Accidental Americans in France plead for French government assistance

Published:  19 Jun at 6 PM
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Tagged: France, USA, Citizenship
Representatives of the France-based Accidental American Association are urging the French government to offer its support to a new campaign aimed at ending the burden of unfair income tax liabilities due to their being born in the USA.

American dual nationals are being considered as expats living overseas and are being chased for taxes due under the hated FATCA system, with those refusing to pay also being hit with penalties by the US taxman. The new campaign aims to collect enough signatures from dual-nationality ‘accidental Americans’ living in France for a motion to be presented to France’s National Assembly. At present, the association has just 320 members, but is experiencing a rapid growth in numbers as the word gets around.

According to its leader Fabien Lehagre, the vast majority left the USA with their parents at less than 10 years of age, with Lehagre himself returning to France with his family when he was 18 months old. Estimates show that around nine million people accidentally stuck with US citizenship are living outside the USA and have been doing so from early childhood. Unlike citizens in the vast majority of all other world countries excepting Eritrea, individuals are taxed based on citizenship obtained at birth, no matter what nationality their parents claimed.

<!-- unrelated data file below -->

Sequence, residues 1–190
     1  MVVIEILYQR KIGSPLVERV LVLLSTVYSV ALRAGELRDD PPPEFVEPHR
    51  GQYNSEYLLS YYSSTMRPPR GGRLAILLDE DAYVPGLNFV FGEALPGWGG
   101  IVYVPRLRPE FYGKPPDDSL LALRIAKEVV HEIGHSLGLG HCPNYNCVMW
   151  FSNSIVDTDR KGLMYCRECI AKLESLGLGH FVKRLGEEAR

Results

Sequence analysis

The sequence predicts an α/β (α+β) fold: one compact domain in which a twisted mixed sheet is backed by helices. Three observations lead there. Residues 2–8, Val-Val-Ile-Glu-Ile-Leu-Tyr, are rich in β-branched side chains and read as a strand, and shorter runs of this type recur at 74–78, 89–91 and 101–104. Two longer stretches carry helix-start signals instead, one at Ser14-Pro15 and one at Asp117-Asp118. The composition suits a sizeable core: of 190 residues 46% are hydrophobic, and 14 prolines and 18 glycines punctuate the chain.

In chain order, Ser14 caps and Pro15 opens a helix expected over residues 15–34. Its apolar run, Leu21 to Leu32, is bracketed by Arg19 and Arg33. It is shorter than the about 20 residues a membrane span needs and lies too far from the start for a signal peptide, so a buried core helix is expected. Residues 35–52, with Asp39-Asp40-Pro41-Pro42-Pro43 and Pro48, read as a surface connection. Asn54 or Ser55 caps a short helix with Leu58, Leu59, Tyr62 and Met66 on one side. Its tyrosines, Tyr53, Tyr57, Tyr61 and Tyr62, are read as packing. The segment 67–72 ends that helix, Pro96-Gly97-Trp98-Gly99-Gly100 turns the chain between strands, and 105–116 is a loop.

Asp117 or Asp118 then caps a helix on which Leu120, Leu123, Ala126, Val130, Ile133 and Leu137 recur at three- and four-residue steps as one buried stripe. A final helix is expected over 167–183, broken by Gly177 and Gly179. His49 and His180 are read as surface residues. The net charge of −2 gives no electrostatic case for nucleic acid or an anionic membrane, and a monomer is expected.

Many of those affected didn’t even realise they had dual nationality until fairly late in their lives, with everyday occurrences such as bank officials noticing a USA place of birth on their non-US passport pages giving the clues. Since FATCA, bank officials are compelled to report such anomalies, thus drawing more accidental Americans into the IRS’s net. After FATCA became law, a good number of protests to foreign governments by those unwittingly affected have brought no results even although several court actions have been heard. As a result, many of those affected have renounced the American citizenship they’d had no say in acquiring, a costly process in itself.
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